Tumor of adult life, with a peak incidence between 40 and 60 years of age.
Approximately 55 to 60% of tumors occur in men.
Retroperitoneal tumors occur somewhat more frequently in women.
There is no evidence that any race or geographical area is more prone to develop liposarcomas.
|General Gross Description|
The three most common locations are the thigh, the retroperitoneum, and the inguinal region.
Grossly, the sarcomas are large (5 to 10 centimeters) lesions that are well-circumscribed.
Liposarcomas typically manifest a lobulated appearance.
Cut section may reveal a mucinous appearance, especially if the myxoid component is prominent.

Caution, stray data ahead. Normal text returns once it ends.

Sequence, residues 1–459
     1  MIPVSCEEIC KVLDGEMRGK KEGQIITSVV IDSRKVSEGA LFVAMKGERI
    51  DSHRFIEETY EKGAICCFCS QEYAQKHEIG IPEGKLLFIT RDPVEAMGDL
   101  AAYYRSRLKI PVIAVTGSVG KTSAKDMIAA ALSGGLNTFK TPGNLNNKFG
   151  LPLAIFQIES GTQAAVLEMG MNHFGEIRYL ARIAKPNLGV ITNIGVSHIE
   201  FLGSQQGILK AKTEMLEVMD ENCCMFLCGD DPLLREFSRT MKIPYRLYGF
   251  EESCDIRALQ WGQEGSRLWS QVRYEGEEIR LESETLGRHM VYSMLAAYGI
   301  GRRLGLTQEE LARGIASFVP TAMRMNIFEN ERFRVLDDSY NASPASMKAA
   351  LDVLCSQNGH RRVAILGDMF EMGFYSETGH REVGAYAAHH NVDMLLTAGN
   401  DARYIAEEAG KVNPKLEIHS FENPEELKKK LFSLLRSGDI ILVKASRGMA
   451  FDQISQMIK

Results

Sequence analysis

Typically, at least some evidence of yellow color, due to the lipid material, is present.
|General Microscopic Description|
Histologically, the most common type is the myxoid type.
The tumor has three components: proliferating lipoblasts, a delicate capillary network, and a myxoid matrix containing abundant ground substance.
The typical feature of a liposarcoma is the presence of lipoblasts, usually appearing as cells with a foamy or signet ring appearance.
Some of these cells may,with an increase in lipid accumulation, resemble adult fat cells.
A branching capillary network, resembling a chickenwire fence, is one of the typical features of the myxoid liposarcoma.
The myxoid component also contains stellate myxomatous cells.
Some liposarcomas are poorly differentiated with small round cells resembling a malignant lymphoma.
However, typical lipoblasts and myxoid cells are often seen.
Cotran RS, Kumar V, Robbins SL: Robbins Pathologic Basis of Disease. 5th edition. Philadelphia, W.B. Saunders, 1994, pp. 1262.
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||Synopsis by: T.V. Rajan M.D. Ph.D. (T1X000M88503)